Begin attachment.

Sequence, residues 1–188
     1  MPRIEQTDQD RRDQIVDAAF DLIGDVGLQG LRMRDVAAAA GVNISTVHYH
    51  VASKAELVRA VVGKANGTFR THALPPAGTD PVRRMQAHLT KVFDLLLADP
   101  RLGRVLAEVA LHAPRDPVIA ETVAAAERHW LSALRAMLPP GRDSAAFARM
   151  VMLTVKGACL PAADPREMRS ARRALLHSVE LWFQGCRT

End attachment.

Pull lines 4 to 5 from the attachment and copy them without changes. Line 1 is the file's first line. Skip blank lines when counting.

   101  RLGRVLAEVA LHAPRDPVIA ETVAAAERHW LSALRAMLPP GRDSAAFARM
   151  VMLTVKGACL PAADPREMRS ARRALLHSVE LWFQGCRT